"Thank you so much for a wonderful dance!" he compliments with a bow more apropos to the 18th Century than 19th. "You did that beautifully." He turns to the other couples in the set with bows. "All of you did."

In an exhaustive state of bliss, ladies fan themselves, and still they are ready for a waltz.

A lady in a red gown and bonnet approaches the merrily winded Confederate. To his surprise and delight, she asks him for a waltz, which he accepts with another courtly bow.

Some couples tread lightly. Others twirl in ballroom ecstasy, leading each other as forerunners of Fred and Ginger in another place and time.

"I'll keep it simple," the gentleman soldier says, admitting his pedestrian waltzing ability. It gnaws in him, this inability to sweep a lady off her feet, as they say. But the kind and gentle lady minds not a bit in the moment of simple grace, and she asks him for another dance before the evening is through.

"You have my word, ma'am," the recruit says, his Virginia drawl a soothing cloak of reassurance. "I keep my word."

He does, on the very next set dance, not wanting to be distracted with all the beauty surrounding him.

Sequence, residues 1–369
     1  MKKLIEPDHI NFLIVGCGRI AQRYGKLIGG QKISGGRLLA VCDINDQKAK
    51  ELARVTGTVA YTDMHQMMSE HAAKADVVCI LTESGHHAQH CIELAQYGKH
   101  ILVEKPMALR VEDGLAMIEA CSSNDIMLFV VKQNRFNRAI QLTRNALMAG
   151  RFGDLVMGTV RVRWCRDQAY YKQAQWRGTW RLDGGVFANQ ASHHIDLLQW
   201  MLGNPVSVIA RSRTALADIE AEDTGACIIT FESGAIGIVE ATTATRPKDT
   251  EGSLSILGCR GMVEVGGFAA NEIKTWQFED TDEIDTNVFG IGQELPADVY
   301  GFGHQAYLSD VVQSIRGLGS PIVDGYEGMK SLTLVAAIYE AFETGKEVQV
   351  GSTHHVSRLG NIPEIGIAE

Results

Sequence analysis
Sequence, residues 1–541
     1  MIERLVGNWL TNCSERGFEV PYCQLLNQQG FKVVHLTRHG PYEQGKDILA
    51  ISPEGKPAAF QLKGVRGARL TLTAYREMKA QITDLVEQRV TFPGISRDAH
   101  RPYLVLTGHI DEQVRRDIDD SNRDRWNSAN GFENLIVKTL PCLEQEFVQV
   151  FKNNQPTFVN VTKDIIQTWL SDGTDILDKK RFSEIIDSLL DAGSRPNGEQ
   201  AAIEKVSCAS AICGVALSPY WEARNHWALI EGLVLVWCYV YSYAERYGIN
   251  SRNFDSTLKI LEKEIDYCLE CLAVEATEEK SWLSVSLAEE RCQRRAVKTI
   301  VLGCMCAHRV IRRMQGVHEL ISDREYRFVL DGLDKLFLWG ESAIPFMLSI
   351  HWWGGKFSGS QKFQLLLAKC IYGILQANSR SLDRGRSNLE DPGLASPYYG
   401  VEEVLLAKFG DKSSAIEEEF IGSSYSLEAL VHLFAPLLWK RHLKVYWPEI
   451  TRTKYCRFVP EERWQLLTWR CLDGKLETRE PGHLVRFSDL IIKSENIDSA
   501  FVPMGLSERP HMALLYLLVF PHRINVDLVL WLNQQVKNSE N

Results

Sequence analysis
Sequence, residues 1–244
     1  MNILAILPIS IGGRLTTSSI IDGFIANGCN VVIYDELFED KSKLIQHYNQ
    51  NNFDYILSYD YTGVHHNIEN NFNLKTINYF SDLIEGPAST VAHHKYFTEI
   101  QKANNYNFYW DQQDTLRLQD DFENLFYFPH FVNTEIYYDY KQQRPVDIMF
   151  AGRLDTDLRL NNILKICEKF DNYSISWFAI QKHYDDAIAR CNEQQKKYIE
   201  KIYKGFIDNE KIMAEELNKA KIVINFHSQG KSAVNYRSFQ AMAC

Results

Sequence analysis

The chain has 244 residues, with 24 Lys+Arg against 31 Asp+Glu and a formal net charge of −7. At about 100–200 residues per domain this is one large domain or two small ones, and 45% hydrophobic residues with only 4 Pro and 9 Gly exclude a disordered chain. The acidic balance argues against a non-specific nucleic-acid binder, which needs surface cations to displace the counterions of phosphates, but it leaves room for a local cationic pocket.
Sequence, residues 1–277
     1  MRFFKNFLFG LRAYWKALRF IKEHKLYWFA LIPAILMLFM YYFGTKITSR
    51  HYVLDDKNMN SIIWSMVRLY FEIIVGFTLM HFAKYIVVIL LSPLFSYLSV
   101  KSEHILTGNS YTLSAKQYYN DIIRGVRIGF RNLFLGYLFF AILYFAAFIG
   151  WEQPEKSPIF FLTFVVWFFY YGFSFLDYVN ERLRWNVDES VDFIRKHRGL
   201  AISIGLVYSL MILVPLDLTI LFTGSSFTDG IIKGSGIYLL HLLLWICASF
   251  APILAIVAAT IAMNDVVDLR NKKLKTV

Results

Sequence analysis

* * *

The ladies and gentlemen of the 1st Virginia Volunteer Infantry stand about, relaxing and socializing between dances and eagerly anticipating the holidays.

The young ladies voice their anticipation. "Christmas is my favorite time of the year!"

"Caroling, beautiful decorations, so much joy. There's no other season quite like it."

"And Christmas is finally here!"

The talk turns to a Ladies' Chorale fundraiser to procure medical supplies for the troops. But what do the Virginia gentlemen have to offer?

"What would there be to prevent you and these other fine gentlemen from giving it a go?" a lady asks.

The enthusiastic private cautions her: "No doubt your intentions are the best, but I'm afraid after hearing some of us gentlemen sing that it might be the audience would require the medical supplies!"

Encouraged on, the recruits agree, if the ladies can endure it.

"God rest ye merry gentlemen, let nothing you dismay,
Remember Christ our Saviour was born on Christmas Day,
To save us all from Satan's power when we were gone astray,
O tidings of comfort and joy, comfort and joy,
O tidings of comfort and joy..."

The Virginia ladies reward them with applause, but now the challenge is offered. "Let us see if you might be able to top that."

It takes only one of them top that -- a young Miss Fox.

"Once in royal Davids city,
Stood a lowly cattle shed,
Where a mother laid her Baby,
In a manger for His bed:
Mary was that mother mild,
Jesus Christ her little Child..."

Her solo voice is a candle in the night, a glowing light of beauty in the darkness, enhanced by the cavernous heights of the ballroom to an ethereal tonality.